You’ve got my love to lean on darling, all the days

Before I left for South Korea three years ago, my older sister told me that she’s a little bit sad that I’ll miss some important “growing up” moments in my niece’s (her daughter’s) life in this next year that I’ll be in South Korea. Well, I’ve been here for three years and it really pains me that I’ve missed out on my nieces’ and nephew’s youths. What if they have their first kiss? What if they get bullied and don’t know who to turn to? What if they get in a fight with their parents and want to talk to me about it? All these what-ifs went through my mind, so I started writing letters to my eldest niece. I put them in a box, and I hope that when the time comes, she’ll pass it on to my other nieces and nephew, and that it will be helpful to them while I’m gone.

This was one of the letters:

To my little one,

There is so much that I want to teach you and tell you and learn from you. I hate to be absent for any part of your beautiful life, but while I’m away, I hope you remember some of what I’ve already tried to teach you.

Be patient and kind, to everyone, always. Including yourself.

Do not believe in luck. Believe in gratitude. Feel it all the time.

Treat every human being as exactly that: a human being. Show respect to everyone, even your enemies, and do not tolerate being disrespected.

Your feelings are YOURS and there is never a need to explain why you feel them.

When you learn something, don’t forget it. Intelligence is extremely attractive and invaluable.

Never, ever, ever, ever assume. Never assume that someone ignored you, or that someone is mad at you, or that something was your fault. Because anything can happen at any time, and we are not always aware of everything at once. Don’t disregard coincidence.

In confrontations and arguments, express only how you feel. Do not tell people what they did, but tell them how they made you feel.

Living well is the best revenge. Don’t believe in revenge.

Work hard. (Be lazy, but only sometimes.)

I once sat next to an old German man on a train and he asked me what my dream is. I told him that I want to travel, and he told me about how he moved to the U.S. from Germany as a young boy with nothing. He went to school, became a doctor, and now he teaches at a university in New York. He offered me this advice: “Keep a positive attitude. Don’t compromise your dreams and something will come and open up your universe. You younger generations need more confidence. Just know that us older generations believe in you. Let the universe come to you—invite it.”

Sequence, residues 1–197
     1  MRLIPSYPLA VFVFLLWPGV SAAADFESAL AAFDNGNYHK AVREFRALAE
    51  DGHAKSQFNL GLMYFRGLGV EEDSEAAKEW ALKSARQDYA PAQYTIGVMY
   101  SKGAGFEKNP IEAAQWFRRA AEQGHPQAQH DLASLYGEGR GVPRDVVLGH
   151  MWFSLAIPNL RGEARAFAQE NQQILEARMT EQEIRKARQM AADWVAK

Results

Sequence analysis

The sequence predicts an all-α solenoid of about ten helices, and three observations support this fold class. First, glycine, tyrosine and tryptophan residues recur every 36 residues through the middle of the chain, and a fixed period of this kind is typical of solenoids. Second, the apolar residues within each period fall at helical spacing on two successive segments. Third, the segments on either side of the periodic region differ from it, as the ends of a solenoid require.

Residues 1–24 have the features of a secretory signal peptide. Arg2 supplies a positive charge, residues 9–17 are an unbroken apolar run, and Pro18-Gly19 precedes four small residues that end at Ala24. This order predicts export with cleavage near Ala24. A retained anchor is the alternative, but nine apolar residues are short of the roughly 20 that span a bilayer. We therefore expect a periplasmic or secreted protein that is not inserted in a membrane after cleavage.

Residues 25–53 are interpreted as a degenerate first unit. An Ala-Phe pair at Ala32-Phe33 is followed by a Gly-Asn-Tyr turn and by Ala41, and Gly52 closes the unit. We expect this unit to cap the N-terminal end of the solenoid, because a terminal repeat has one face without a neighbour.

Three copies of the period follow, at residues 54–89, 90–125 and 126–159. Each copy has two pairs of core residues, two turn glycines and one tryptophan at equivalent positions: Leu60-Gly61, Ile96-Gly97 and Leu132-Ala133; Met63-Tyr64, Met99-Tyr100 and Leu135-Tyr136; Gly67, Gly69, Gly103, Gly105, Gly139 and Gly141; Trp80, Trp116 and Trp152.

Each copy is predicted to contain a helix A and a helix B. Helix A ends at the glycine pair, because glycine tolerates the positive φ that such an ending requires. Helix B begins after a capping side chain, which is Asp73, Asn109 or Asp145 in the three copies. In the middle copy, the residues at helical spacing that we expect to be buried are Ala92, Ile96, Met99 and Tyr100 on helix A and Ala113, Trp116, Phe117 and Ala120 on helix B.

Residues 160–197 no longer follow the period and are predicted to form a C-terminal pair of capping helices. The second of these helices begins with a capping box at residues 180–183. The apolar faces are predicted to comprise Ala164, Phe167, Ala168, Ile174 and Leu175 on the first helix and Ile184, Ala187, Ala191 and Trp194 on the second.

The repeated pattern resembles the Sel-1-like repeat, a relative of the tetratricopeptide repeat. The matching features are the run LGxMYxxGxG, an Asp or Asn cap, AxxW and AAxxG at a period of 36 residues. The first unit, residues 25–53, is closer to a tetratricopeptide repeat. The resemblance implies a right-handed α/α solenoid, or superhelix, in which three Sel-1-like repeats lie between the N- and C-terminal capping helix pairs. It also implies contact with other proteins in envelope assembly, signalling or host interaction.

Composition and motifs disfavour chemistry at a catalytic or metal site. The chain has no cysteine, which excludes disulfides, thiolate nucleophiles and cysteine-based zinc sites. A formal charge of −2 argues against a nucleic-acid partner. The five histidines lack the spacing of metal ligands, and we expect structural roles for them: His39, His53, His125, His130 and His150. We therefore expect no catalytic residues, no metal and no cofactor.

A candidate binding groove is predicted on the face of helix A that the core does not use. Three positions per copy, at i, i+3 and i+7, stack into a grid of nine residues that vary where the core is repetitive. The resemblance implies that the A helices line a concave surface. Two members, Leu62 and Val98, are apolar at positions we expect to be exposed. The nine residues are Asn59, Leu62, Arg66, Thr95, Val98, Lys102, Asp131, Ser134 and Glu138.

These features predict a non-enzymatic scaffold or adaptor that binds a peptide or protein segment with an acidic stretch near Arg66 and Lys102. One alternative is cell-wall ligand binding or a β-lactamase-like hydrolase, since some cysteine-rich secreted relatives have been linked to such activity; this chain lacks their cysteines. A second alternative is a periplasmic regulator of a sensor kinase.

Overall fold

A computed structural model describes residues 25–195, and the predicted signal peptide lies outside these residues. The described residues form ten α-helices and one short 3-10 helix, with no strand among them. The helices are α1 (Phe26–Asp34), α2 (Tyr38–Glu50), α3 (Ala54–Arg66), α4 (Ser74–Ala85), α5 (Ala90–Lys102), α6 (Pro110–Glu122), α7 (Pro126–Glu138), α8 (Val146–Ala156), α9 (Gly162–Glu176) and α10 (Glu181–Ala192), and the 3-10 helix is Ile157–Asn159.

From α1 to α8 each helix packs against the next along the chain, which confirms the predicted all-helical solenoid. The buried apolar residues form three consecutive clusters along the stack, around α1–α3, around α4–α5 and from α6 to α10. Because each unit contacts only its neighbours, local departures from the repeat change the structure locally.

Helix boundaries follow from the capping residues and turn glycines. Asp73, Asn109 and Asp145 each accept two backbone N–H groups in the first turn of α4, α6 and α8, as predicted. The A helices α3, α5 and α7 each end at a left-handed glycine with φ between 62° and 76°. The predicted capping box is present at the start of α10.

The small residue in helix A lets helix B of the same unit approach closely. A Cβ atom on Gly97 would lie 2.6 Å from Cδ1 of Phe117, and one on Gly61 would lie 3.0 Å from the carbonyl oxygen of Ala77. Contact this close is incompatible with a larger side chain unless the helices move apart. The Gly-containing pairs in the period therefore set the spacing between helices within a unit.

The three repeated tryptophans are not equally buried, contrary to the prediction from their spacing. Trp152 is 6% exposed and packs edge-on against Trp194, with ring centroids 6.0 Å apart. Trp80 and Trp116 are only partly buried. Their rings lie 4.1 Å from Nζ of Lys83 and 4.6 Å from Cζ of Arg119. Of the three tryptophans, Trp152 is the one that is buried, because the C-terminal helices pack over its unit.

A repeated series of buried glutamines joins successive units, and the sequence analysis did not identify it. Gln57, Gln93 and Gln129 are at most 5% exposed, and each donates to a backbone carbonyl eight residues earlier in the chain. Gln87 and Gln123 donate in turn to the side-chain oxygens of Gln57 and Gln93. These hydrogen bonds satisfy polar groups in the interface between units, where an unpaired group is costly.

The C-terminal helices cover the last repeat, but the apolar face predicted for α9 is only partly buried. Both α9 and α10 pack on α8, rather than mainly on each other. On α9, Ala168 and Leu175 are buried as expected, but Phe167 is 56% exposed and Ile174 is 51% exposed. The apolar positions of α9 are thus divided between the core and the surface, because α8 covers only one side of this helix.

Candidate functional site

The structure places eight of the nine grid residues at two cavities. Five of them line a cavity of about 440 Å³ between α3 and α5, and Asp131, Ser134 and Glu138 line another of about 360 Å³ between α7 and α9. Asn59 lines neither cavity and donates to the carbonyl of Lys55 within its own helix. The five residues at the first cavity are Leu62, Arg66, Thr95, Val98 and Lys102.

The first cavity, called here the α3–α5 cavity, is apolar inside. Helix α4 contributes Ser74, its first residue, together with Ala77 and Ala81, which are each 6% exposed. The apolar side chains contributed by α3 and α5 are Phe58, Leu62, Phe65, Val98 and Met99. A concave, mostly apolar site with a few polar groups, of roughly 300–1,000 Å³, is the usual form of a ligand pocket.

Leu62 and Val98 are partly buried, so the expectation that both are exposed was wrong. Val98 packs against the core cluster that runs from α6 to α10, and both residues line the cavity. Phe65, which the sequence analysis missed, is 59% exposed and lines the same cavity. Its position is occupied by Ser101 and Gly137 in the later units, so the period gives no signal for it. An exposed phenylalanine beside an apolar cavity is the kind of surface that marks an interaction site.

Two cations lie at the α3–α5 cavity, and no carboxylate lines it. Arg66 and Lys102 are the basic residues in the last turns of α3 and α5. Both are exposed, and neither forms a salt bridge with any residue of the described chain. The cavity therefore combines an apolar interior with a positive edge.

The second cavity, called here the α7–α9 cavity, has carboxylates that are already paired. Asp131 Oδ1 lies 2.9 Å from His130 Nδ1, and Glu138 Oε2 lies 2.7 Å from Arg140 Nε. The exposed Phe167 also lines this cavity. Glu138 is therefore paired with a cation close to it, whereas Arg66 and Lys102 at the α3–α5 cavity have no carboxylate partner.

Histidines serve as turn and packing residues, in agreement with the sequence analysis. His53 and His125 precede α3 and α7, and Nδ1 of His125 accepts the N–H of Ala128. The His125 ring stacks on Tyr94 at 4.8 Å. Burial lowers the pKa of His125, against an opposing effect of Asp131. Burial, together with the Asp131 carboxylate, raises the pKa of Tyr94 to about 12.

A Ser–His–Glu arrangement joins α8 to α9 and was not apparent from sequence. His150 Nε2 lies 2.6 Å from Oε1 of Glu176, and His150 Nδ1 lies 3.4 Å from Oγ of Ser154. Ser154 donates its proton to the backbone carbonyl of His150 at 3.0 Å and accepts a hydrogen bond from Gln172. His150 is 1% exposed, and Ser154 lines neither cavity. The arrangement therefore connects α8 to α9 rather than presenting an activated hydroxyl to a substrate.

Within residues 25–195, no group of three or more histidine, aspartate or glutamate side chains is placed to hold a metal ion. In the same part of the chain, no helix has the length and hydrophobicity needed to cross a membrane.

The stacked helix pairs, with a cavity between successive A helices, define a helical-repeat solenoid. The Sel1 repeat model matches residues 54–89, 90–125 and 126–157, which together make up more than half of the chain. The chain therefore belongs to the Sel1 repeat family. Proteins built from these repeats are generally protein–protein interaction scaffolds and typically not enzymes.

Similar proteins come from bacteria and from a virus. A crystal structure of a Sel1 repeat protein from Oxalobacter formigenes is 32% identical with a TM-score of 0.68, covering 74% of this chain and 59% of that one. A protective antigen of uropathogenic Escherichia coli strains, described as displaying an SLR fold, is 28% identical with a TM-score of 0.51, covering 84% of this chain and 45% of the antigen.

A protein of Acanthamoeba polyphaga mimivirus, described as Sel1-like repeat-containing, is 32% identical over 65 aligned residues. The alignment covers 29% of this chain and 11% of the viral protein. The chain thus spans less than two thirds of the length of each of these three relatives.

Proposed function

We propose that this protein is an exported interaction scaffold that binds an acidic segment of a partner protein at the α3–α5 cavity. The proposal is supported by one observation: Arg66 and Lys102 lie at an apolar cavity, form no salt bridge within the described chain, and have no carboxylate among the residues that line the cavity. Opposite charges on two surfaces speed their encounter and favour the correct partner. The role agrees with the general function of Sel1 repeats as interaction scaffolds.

Too much of anything can turn into a bad thing. The keys to happiness at its finest are balance and moderation.

Tell your parents goodnight before you go to bed. Tell the people you care about that you care about them. People need to be reminded of that.

Not everything lasts forever, and that’s okay. Look back and remember the goodness of all things, and be grateful for having it.

Ask yourself questions all the time. It is important to be able to answer to yourself, and be true to yourself.

The earth is a precious place, and you are just a visitor. Treat it well. Save as much life, energy, waste, and water as you can. Nothing is unlimited.

An excerpt from one of my favorite articles: “We have these brief lives, and our only real choice is how we will fill them. Your attention is precious. Don’t squander it. Don’t throw it away. Don’t let companies and products steal it from you. Don’t let advertisers trick you into lusting after things you don’t need. Don’t let the media convince you to covet the lives of celebrities. Own your attention — it’s all you really have.”

Stories are gifts that we give to each other. They can be happy, or sad, or scary. They are real, and they are meaningful. Remember as many of them as you can, especially the magical ones. Hold onto them and don’t forget that they can be very, very real.

“You are responsible for the energy you put into this world.”

Travel opens your eyes and your mind to both realities and dreams. Always keep going.

Try not to raise your voice, and try to always smile. Try new things often.

Know that the world we live in is a big one. There are millions of different souls and perspectives out there. You should never feel alone.

Power comes in many forms. Music, stories, writing, expression, art, thought, knowledge. Power is from within. Use yours—you have so many!

Self-discipline and patience are very necessary strengths. Learn them as early as you can.

Avoid any and all feelings of jealousy. Never wish to be anyone else.

Never burn bridges because you never know when you might need to cross them again.

And most importantly, never doubt that you are loved.

Love always,

Auntie